MARBLE FALLS, Texas -- A Texas mom went into premature labor last week in the midst of the devastating storm that paralyzed the state. But due to their remote location and inability to travel to a NICU, a group of doctors created a mobile unit for the baby.
The doctors went the extra mile, literally, as they drove for an hour from Austin to Marble Falls to make sure the baby was properly cared for.
"I started freaking out," said the newborn's mom Kimberly Arias. "I started crying. I didn't know what to do."
Arias' baby was welcomed into the world at just 24 weeks, which is a level that doctors say a baby is going to normally need NICU care.
Dr. Curtis Copeland, a family physician with Baylor Scott and White in Marble Falls, told KVUE that usually a patient is transferred to intensive care before the baby is born or immediately after. But in this case, baby Zalynn had already arrived and any kind of transfer seemed impossible as the winter storm covered the roads with snow and ice.
"No one was able to come because of the weather, because of ice, because of the snow. So helicopters couldn't fly. Ambulances were having difficulty," Copeland said.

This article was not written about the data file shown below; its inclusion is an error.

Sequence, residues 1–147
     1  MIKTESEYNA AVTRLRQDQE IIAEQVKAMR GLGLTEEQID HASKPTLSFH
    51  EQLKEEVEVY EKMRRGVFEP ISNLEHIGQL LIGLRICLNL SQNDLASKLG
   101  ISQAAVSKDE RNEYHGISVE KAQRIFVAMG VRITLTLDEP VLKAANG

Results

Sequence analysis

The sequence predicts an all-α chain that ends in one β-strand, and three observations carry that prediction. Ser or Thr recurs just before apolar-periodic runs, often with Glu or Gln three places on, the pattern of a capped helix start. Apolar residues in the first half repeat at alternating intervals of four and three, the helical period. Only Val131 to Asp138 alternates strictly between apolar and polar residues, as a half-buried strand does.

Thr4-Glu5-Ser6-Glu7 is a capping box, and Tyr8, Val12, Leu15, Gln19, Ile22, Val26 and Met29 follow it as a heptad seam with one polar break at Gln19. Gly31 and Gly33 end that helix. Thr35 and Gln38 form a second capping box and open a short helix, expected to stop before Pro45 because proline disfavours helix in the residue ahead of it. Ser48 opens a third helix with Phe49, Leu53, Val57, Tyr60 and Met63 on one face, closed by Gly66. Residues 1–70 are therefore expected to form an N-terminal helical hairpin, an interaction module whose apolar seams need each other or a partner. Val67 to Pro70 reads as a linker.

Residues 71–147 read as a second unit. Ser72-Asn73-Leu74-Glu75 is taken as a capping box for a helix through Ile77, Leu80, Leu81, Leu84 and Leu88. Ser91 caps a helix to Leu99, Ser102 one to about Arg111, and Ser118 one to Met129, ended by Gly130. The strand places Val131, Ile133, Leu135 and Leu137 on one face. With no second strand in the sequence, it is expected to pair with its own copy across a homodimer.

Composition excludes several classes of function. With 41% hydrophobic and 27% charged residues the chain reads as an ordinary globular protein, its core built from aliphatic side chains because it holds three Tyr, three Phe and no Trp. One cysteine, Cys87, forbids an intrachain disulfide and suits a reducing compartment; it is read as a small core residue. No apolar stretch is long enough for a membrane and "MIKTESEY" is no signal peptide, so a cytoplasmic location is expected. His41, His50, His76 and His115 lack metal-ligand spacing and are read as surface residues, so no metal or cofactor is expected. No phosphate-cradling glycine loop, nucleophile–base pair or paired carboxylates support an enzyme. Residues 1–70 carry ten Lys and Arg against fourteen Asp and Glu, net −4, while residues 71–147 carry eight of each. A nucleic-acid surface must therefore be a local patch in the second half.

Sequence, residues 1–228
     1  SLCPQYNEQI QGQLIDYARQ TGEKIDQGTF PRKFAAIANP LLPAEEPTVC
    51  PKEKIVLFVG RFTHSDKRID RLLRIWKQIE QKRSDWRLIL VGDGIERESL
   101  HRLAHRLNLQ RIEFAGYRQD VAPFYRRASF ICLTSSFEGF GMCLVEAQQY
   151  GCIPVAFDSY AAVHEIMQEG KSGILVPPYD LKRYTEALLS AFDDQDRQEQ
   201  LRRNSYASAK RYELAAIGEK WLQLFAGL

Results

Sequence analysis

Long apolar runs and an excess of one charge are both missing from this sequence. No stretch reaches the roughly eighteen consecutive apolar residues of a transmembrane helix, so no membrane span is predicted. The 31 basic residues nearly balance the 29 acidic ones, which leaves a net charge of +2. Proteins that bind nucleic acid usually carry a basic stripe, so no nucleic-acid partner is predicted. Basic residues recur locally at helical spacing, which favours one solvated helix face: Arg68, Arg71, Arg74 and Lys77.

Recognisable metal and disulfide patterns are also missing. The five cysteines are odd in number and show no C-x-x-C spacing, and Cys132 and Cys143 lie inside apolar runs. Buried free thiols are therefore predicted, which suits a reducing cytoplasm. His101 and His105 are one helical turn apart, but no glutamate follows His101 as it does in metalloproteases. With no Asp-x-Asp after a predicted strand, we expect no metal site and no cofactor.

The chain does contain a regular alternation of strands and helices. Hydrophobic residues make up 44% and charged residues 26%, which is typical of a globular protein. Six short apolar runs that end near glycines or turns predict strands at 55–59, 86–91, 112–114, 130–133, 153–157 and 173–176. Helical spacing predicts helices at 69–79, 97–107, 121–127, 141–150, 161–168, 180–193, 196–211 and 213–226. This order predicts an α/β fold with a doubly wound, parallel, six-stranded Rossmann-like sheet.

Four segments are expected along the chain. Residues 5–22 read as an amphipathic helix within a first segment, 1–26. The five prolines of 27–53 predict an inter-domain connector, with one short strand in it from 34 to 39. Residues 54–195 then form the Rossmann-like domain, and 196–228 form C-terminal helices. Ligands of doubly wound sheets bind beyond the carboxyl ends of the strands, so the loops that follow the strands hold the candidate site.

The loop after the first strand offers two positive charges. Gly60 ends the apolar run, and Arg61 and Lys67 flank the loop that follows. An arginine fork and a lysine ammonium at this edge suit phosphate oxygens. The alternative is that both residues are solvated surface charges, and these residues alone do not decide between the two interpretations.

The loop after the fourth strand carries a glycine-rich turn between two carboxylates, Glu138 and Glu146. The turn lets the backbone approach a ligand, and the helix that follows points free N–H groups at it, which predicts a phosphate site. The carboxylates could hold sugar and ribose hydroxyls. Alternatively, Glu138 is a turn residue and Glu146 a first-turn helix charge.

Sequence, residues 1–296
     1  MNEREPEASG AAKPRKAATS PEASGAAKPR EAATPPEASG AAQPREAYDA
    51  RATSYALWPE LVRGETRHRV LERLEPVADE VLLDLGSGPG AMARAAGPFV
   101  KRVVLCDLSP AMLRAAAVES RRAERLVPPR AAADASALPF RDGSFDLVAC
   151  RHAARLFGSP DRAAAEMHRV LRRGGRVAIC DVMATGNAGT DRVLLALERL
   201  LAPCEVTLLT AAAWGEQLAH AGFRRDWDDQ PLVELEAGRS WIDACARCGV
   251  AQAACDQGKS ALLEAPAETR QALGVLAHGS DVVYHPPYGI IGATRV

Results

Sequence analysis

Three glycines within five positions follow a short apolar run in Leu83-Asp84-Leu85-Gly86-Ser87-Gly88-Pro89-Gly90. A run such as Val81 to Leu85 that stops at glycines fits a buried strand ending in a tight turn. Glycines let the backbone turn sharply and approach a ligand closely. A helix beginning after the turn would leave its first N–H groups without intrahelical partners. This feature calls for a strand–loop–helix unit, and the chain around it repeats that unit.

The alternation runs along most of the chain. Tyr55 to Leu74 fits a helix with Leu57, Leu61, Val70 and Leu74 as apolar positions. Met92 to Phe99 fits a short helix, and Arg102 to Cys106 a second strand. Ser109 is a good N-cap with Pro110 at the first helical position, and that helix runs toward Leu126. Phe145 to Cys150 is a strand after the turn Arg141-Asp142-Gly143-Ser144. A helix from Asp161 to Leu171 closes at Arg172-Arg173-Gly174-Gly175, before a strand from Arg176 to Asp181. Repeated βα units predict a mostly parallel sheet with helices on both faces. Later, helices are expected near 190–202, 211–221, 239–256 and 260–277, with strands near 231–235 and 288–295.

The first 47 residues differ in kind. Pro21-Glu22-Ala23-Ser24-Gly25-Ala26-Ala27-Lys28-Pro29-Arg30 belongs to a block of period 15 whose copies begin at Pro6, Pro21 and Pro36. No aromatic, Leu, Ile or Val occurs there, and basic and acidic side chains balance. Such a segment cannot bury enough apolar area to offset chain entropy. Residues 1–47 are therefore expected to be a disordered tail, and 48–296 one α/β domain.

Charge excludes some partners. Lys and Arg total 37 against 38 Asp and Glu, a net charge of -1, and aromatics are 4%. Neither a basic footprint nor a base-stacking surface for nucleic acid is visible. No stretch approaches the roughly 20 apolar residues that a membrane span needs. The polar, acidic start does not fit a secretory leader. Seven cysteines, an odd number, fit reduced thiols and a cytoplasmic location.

It was in this situation that Dr. John Loyd and medical workers Kelly Clause and Nicole Padden with Dell Children's Medical Center came to the rescue.
"I knew there was a mother out there. I knew there was a health care team out there. It was not equipped to take care of such a fragile baby. It was having to try and do that. And as a parent, as a provider, I just I couldn't on my watch not do something," said Loyd.
Baby Zalynn was eventually transferred to a NICU and now her chances of survival increase every day, thanks to two teams of healthcare workers, who came together as one.
"They made me feel like my baby was really safe and in good hands. Honestly, like I didn't get much sleep, but the few hours I got, I could be calm because I knew someone was there with my baby," Arias said.
Texas doctor and nurses braved winter storm to help baby born at 24 weeks